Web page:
We headed back to London for six more days of sightseeing. We stayed at a different hotel close to The City on High Holburn in an area near the Inns of Court. We visited Kew Gardens (one of Julie's favorites) and made an Easter visit to Hampton Court Palace, former home of Henry VIII. Jerry spent one day at the Science Museum while Julie shopped along Oxford Street.

London Eye

London Eye

On our last day in London we met Nick at St. Pancras station for our trip to Paris via the Chunnel on the Eurostar. Nick got a limo all to himself on the way from his grandparent’s house to the San Francisco airport, then he enjoyed a night on the airplane, playing video games, watching movies, and reading, all the while eating all the candy he pleased. We were originally going to have him meet us in Paris, but decided it would be easier for him to maneuver to the meeting point if he could speak the language, so we met him in London and took the train through the Chunnel together.

Statue and Versailles

Statue and Versailles

Our hotel in Paris was not quite up to the standards we enjoyed in London, where our hotels were luxurious and excellent, but it was conveniently located close to the Louvre. Julie wanted to find another hotel, and considered it to be barely a step above camping, even before the water from a room above us overflowed through ours, and dripped ugly sludge into our bathroom, ending its dripping just short of the exit door from the hotel. It was like Russian Roulette getting out the door without getting slimed. The staff spoke English very well when we arrived, but somehow, they forgot that they could speak English whenever we tried to figure out what they were doing about the sludge.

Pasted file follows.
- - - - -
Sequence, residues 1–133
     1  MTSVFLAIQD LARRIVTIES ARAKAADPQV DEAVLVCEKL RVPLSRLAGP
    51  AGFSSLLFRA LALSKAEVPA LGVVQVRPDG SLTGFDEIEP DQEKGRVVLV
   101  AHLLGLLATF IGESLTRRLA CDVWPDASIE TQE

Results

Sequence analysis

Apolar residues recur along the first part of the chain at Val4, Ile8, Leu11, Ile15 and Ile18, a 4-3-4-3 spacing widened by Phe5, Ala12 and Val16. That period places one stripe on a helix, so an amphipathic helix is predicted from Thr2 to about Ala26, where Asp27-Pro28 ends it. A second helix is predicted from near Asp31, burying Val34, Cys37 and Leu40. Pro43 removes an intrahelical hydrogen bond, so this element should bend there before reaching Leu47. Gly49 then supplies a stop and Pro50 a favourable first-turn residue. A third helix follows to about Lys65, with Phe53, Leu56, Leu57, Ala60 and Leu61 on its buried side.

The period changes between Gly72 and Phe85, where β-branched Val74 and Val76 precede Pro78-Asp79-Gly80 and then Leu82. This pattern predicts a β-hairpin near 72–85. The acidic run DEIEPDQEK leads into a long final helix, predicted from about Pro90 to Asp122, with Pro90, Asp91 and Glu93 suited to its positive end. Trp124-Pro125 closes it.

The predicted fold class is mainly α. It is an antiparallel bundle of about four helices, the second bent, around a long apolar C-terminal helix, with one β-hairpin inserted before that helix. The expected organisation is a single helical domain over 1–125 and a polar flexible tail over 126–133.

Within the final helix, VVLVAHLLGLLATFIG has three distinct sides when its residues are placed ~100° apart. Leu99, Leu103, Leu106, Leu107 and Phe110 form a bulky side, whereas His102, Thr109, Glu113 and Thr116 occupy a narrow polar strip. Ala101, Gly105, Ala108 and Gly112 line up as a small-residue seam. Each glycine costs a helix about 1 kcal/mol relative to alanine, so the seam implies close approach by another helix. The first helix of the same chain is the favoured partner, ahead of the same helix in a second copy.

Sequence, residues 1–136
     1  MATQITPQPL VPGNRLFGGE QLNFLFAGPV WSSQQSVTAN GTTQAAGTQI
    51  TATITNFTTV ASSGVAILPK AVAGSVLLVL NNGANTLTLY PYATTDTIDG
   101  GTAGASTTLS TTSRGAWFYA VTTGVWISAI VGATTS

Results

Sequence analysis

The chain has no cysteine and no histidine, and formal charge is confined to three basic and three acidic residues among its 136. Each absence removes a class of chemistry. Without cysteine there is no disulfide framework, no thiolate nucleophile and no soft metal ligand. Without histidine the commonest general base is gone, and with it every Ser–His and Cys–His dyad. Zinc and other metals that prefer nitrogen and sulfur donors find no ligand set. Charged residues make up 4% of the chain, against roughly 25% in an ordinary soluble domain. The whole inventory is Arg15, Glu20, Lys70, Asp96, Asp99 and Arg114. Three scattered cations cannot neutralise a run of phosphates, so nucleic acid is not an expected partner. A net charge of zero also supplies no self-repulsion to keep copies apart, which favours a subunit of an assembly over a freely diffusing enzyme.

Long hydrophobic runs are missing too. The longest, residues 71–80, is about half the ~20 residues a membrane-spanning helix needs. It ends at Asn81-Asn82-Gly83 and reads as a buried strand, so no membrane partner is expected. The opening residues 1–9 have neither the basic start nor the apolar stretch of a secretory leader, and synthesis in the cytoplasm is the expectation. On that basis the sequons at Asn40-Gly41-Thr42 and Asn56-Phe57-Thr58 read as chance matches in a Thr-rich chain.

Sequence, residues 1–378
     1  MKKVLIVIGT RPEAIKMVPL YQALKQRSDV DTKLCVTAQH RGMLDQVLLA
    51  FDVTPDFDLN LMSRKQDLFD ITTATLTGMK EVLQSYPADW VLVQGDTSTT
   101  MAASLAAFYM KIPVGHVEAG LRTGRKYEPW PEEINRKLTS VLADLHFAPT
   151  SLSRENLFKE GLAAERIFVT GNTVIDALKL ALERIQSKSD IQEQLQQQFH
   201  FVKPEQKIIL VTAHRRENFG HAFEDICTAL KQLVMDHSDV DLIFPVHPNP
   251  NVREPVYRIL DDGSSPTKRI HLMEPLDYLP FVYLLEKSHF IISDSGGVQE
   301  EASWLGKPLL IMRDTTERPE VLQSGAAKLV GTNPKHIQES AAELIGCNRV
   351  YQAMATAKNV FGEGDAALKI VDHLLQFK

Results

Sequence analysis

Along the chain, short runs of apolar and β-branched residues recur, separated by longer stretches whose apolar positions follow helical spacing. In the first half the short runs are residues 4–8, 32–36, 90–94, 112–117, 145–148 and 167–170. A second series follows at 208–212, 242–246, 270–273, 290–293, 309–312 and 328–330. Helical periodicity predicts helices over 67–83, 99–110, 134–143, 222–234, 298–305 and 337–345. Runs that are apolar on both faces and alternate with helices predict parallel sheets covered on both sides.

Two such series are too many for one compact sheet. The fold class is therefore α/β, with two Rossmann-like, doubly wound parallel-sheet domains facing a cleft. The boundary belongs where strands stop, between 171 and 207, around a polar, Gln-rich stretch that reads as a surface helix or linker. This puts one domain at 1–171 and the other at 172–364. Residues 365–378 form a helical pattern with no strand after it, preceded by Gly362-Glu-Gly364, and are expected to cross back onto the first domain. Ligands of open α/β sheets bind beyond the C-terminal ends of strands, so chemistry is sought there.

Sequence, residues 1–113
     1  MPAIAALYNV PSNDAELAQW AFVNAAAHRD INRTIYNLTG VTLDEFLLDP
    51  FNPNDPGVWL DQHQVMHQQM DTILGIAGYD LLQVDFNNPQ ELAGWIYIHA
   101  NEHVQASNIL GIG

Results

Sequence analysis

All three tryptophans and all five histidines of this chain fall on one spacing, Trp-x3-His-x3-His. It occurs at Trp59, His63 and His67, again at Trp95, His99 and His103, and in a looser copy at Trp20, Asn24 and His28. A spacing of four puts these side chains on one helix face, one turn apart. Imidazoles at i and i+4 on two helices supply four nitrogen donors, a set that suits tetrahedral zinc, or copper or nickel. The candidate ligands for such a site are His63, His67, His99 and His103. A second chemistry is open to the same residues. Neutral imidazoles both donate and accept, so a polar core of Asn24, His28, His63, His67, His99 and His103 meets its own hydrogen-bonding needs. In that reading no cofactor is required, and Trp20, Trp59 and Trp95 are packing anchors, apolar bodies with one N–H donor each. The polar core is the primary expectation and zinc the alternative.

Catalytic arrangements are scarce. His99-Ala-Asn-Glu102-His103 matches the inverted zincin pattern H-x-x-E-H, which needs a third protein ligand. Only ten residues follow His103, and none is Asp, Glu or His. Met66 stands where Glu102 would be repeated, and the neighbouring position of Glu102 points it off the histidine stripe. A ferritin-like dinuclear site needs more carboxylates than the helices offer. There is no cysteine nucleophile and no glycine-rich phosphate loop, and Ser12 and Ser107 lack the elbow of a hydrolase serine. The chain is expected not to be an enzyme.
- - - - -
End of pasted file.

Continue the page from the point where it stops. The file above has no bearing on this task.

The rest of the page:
On our first day in Paris, we spent a few hours in the Louvre (before the crowds increased to sardine can proportions) before heading to the Eiffel Tower, where we decided to climb the stairs to the top rather than wait four hours in line for the elevator. The panoramic views from the top are incredible. One of our favorite sections of Paris is the Latin Quarter, and we spent a lot of time walking the streets there and trying the various restaurants. We particularly enjoyed chatting with a waiter and another American couple in a fondue restaurant, and the waiter was very excited to share his knowledge of the San Francisco Bay Area, and his English skills. He had a friend in Palo Alto, which is part of the greater Bay Area. The following day we took a half day bus tour to the Palace of Versailles, the home of Louis XIV and 20,000 of his nobles. Versailles makes the mansions in Newport Rhode Island look like doll houses. We spent much of the rest of the time getting a tour from a hop-on-hop-off bus, and for part of a day, Jerry and Nick went to a computer museum while Julie went on search of gardens and a chocolate store that she had read was the absolute best. Amazingly, we reconvened by running into each other based on just general knowledge of each other’s plans.